Neurodegenerative Disorders of Childhood

Published on 27/03/2015 by admin

Filed under Pediatrics

Last modified 27/03/2015

Print this page

rate 1 star rate 2 star rate 3 star rate 4 star rate 5 star
Your rating: none, Average: 0 (0 votes)

This article have been viewed 2038 times

Chapter 592 Neurodegenerative Disorders of Childhood

Neurodegenerative disorders of childhood encompass a large, heterogeneous group of diseases that result from specific genetic and biochemical defects, chronic viral infections, and varied unknown causes. Children with suspected neurodegenerative disorders were once subjected to brain and rectal (neural) biopsies, but with modern neuroimaging techniques and specific biochemical and molecular diagnostic tests, these invasive procedures are rarely necessary. The most important component of the diagnostic investigation continues to be a thorough history and physical examination. The hallmark of a neurodegenerative disease is regression and progressive deterioration of neurologic function with loss of speech, vision, hearing, or locomotion, often associated with seizures, feeding difficulties, and impairment of intellect. The age of onset, rate of progression, and principal neurologic findings determine whether the disease affects primarily the white or the gray matter. Upper motor neuron signs and progressive spasticity are the hallmarks of white matter disorders; convulsions, intellectual, and visual impairment that occur early in the disease course are the hallmarks of grey matter disorders. A precise history confirms regression of developmental milestones, and the neurologic examination localizes the process within the nervous system. Although the outcome of a neurodegenerative condition is usually fatal and available therapies are often limited in effect, it is important to make the correct diagnosis so that genetic counseling may be offered and prevention strategies can be implemented. Bone marrow transplantation and other novel therapies may prevent the progression of disease in certain presymptomatic individuals. For all conditions in which the specific enzyme defect is known, prevention by prenatal diagnosis (chorionic villus sampling or amniocentesis) is possible. Carrier detection is also often possible by enzyme assay. Table 592-1 summarizes selected inherited neurodegenerative and metabolic disorders by their age of onset.

Table 592-1 NEUROMETABOLIC CONDITIONS ASSOCIATED WITH DEVELOPMENTAL REGRESSION

AGE AT ONSET (yr) CONDITIONS COMMENTS
<2, with hepatomegaly Fructose intolerance Vomiting, hypoglycemia, poor feeding, failure to thrive (when given fructose)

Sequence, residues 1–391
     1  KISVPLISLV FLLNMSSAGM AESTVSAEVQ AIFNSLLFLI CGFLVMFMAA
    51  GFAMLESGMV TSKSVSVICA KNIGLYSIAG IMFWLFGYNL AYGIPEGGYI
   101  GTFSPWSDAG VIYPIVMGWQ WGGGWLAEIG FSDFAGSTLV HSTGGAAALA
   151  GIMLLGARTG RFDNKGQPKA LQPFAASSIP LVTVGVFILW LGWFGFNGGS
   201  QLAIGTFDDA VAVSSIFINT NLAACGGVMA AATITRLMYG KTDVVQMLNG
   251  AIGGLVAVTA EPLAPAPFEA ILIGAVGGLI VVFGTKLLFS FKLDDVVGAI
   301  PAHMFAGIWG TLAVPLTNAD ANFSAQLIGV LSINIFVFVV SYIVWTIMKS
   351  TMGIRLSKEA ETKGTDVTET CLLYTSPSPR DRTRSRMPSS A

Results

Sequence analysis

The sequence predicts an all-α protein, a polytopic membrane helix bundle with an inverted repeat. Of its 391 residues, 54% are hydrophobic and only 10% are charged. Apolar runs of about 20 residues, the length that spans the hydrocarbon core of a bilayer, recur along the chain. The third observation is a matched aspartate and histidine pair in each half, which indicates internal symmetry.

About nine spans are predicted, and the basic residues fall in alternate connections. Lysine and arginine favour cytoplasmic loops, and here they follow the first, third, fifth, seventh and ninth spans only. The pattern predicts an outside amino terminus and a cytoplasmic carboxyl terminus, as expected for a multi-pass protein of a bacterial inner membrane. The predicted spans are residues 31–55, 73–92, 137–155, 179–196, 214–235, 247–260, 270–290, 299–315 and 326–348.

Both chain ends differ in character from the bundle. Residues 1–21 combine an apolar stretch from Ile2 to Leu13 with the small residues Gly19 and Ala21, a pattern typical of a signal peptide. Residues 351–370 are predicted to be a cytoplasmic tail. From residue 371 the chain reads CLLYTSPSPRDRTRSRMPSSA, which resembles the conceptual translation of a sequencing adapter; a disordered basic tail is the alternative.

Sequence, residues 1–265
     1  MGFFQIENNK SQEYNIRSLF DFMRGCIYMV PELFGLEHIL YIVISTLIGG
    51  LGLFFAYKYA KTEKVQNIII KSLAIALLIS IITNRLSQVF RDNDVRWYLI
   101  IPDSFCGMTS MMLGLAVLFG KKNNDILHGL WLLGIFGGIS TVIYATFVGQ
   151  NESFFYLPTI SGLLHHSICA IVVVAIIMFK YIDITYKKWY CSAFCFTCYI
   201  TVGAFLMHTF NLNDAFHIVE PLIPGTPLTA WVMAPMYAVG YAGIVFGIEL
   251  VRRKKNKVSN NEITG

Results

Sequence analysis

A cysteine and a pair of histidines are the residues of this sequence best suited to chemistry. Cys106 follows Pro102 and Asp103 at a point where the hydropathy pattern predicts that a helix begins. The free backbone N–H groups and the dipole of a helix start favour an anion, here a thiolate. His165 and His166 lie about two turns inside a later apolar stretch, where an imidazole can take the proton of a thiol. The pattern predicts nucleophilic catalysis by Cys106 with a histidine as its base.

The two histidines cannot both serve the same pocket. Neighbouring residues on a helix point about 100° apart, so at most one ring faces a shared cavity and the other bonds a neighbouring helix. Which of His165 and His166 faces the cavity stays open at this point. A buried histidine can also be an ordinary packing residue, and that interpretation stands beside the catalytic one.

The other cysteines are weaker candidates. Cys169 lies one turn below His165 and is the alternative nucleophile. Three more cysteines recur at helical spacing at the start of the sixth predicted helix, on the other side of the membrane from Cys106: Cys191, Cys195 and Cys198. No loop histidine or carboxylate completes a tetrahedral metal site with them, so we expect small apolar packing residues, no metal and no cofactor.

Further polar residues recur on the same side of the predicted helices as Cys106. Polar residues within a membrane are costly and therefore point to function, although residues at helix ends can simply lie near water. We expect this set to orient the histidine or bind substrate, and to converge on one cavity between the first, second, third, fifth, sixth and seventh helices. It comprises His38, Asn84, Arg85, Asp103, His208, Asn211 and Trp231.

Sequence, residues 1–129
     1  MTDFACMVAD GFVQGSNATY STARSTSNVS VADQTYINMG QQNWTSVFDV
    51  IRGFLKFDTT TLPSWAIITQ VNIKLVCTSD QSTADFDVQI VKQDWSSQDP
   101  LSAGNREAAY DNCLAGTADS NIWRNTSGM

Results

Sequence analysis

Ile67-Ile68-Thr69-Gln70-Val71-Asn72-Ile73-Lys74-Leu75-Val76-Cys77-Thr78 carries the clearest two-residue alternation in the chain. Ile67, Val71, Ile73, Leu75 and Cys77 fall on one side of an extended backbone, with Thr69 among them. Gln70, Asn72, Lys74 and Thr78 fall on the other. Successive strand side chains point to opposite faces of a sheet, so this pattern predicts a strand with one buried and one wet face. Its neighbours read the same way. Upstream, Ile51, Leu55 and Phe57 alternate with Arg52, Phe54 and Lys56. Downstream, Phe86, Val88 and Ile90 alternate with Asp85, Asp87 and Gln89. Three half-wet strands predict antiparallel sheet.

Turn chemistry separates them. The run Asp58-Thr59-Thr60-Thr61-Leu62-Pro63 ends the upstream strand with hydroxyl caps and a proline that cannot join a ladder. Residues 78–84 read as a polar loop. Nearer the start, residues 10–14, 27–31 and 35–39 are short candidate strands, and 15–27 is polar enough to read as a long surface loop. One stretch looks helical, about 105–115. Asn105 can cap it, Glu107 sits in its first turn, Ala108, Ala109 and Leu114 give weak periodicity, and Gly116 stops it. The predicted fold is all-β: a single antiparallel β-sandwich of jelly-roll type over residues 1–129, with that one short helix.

Galactosemia Lethargy, hypotonia, icterus, cataract, hypoglycemia (when given lactose)
Glycogenosis (glycogen storage disease) types I-IV Hypoglycemia, cardiomegaly (type II)
Mucopolysaccharidosis types I and II Coarse facies, stiff joints
Niemann-Pick disease, infantile type Gray matter disease, failure to thrive
Tay-Sachs disease Seizures, cherry red macula, edema, coarse facies
Zellweger syndrome Hypotonia, high forehead, flat facies
Gaucher disease (neuronopathic form) Extensor posturing, irritability
Carbohydrate-deficient glycoprotein syndromes Dysmyelination, cerebellar hypoplasia
<2, without hepatomegaly Krabbe disease Irritability, extensor posturing, optic atrophy and blindness
Rett syndrome Girls with deceleration of head growth, loss of hand skills, hand wringing, impaired language skills, gait apraxia
Maple syrup urine disease Poor feeding, tremors, myoclonus, opisthotonos
Phenylketonuria Light pigmentation, eczema, seizures
Menkes kinky hair disease Hypertonia, irritability, seizures, abnormal hair
Subacute necrotizing encephalopathy of Leigh White matter disease
Canavan disease White matter disease, macrocephaly
Neurodegeneration with brain iron accumulation disease White matter disease, movement disorder
2-5 Niemann-Pick disease types III and IV Hepatosplenomegaly, gait difficulty
Wilson disease Liver disease, Kayser-Fleischer ring; deterioration of cognition is late
Gangliosidosis type II Gray matter disease
Neuronal ceroid lipofuscinosis Gray matter disease
Mitochondrial encephalopathies (e.g., myoclonic epilepsy with ragged red fibers [MERRF]) Gray matter disease
Ataxia-telangiectasia Basal ganglia disease
Huntington disease (chorea) Basal ganglia disease
Neurodegeneration with brain iron accumulation syndrome Basal ganglia disease
Metachromatic leukodystrophy White matter disease
Adrenoleukodystrophy White matter disease, behavior problems, deteriorating school performance, quadriparesis
5-15 Adrenoleukodystrophy Same as for adrenoleukodystrophy in 2 to 5 yr olds
Multiple sclerosis White matter disease
Neuronal ceroid lipofuscinosis, juvenile and adult (Spielmeyer-Vogt and Kufs disease) Gray matter disease
Schilder disease White matter disease, focal neurologic symptoms
Refsum disease Peripheral neuropathy, ataxia, retinitis pigmentosa
Sialidosis II, juvenile form Cherry red macula, myoclonus, ataxia, coarse facies
Subacute sclerosing panencephalitis Diffuse encephalopathy, myoclonus; may occur years after measles

From Kliegman RM, Greenbaum LA, Lye PS: Practical strategies in pediatric diagnosis and therapy, ed 2, Philadelphia, 2004, Elsevier/Saunders, p 542.

592.1 Sphingolipidoses

The sphingolipidoses are characterized by intracellular storage of lipid substrates resulting from defective catabolism of the sphingolipids comprising cellular membranes (Fig. 592-1). The sphingolipidoses are subclassified into 6 categories: Niemann-Pick disease, Gaucher disease, GM1 gangliosidosis, GM2 gangliosidosis, Krabbe disease, and metachromatic leukodystrophy. Niemann-Pick disease and Gaucher disease are discussed in Chapter 80.4.

Gangliosidoses (Chapter 80.4)